Several weeks ago one of our clients took their pet to the Tufts University College of Veterinary Medicine for emergency care. Although this pet is currently doing well, the visit to the teaching hospital was less than satisfactory. Though he had taken his pet there at the urging of his friends, I felt a need to get involved on behalf of our client (and patient) when he recounted his visit. After several calls to the veterinary hospital, I received a call back from one of the hospital administrators who had looked into the case. I found her very receptive to my criticism and, in fact, she offered to visit us at the Brockton Animal Hospital to further the discussion. One week later we spent several hours at our hospital discussing some of the ways in which I feel veterinary medicine is failing the pet owning public. Since this doctor is also involved in the education of students, she was interested in our experience with recent veterinary graduates. Many of you are aware that it has taken us three years to hire a new associate who we feel is well qualified and has the right outlook on the practice of veterinary medicine. (For those of you who have not yet met her she will be at the hospital full time in just a few weeks.) The administrator found it distressing that we had found many recent graduates unqualified for the position. The response of the hospital administrator seemed sincere in her desire to identify some of the failings of the veterinary profession both in educating doctors and providing appropriate care.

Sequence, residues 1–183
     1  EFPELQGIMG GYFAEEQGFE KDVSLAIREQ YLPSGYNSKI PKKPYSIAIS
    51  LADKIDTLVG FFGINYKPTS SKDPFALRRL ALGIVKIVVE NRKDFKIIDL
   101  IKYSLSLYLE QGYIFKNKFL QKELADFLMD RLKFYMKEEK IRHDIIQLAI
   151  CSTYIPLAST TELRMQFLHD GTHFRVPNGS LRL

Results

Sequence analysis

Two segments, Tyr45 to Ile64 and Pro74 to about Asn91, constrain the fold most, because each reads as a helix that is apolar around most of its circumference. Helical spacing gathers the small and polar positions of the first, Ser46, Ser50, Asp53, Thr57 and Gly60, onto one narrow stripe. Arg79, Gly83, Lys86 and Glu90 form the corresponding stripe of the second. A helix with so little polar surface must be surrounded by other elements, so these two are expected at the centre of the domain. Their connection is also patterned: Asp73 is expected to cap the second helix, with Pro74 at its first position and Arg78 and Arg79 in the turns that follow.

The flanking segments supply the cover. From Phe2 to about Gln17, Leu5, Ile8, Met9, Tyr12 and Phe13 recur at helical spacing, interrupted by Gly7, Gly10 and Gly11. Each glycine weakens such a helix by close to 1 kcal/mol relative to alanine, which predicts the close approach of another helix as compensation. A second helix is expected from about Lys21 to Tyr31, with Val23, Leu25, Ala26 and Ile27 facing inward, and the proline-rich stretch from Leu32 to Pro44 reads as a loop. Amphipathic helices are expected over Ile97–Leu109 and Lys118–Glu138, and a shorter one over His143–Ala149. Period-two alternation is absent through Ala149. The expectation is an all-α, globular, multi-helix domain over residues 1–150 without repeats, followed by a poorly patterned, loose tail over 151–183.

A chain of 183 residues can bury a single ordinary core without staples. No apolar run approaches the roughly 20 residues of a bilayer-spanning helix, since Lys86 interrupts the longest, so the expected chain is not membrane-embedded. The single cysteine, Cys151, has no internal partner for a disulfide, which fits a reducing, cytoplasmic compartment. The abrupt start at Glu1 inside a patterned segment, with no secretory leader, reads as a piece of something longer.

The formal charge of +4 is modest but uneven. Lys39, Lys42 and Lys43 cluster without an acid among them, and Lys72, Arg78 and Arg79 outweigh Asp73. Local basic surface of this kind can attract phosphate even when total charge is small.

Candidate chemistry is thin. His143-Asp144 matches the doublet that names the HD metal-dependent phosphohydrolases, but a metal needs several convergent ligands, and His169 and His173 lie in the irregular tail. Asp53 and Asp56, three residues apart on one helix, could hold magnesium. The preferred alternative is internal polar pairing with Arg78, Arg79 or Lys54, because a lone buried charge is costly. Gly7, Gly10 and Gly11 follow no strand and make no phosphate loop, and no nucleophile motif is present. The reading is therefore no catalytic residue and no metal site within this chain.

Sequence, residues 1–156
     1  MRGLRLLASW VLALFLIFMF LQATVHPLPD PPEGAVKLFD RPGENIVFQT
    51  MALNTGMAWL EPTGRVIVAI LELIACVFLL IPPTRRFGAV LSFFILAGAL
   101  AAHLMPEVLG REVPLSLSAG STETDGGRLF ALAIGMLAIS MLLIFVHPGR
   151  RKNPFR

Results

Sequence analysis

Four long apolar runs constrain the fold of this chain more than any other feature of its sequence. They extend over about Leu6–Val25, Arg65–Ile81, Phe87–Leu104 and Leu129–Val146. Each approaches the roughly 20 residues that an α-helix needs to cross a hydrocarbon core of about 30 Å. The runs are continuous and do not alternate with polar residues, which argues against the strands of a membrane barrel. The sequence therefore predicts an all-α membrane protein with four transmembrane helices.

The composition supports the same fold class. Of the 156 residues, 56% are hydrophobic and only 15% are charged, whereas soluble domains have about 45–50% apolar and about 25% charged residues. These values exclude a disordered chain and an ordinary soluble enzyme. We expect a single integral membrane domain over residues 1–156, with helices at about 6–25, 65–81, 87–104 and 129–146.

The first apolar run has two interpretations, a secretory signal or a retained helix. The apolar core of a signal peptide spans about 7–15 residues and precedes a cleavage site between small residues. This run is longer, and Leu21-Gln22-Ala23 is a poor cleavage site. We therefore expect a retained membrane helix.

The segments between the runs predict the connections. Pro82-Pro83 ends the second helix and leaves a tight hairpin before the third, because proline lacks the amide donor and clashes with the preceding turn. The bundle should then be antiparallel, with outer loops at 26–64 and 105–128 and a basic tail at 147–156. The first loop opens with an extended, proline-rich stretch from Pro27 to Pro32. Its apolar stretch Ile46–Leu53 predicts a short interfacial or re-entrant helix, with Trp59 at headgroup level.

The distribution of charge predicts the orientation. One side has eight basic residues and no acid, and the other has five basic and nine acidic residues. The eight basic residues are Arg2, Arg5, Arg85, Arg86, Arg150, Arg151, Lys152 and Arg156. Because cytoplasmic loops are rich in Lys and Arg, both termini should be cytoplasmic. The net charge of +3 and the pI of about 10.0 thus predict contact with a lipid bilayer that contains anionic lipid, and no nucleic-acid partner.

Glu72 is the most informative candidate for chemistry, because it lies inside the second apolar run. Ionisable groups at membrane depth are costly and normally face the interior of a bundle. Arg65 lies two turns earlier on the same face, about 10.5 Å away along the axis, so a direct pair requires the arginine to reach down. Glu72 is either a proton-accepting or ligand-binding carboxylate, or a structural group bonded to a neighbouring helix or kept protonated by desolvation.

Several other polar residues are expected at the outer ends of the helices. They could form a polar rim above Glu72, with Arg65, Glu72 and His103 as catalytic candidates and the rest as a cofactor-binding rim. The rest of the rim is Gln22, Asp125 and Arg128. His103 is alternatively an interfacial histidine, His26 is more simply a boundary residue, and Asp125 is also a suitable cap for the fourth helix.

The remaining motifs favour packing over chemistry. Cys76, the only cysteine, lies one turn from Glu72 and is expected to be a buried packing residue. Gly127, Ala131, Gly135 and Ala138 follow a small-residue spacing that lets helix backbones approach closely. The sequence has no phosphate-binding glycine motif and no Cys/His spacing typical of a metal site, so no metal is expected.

Now here is where I need your help. I have been invited to the Tufts University College of Veterinary Medicine (actually the Cummings School of Veterinary Medicine at Tufts University) to share some of my thoughts on what is right and what is wrong in the veterinary world. The Brockton Animal Hospital has always worked hard to ensure that our clients and their pet companions have the best care, communication and compassion that we can provide at a price that is reasonable and affordable. Although we are not perfect we always try to respond to our clients’ needs and desires as honestly and quickly as possible. When we occasionally get things wrong, we expect and plead with you to let us know so we can make them right. In that same vein we now have the opportunity to provide input to one of the premier veterinary colleges in the US in helping to shape the education of future doctors. I need your help in bringing to the surface aspects of veterinary care that are of the greatest importance to you. If you have had positive experiences that you would like to share (no names please) as well as awful experiences that you hope will never happen again please weigh in. It is my goal to help to educate the educators as to what is of the greatest importance to the “extraordinary veterinary consumers” that we seem to serve in our practice. My meeting is next week so please don’t procrastinate. Veterinary medicine really needs your help on this one. As always, your input is greatly appreciated.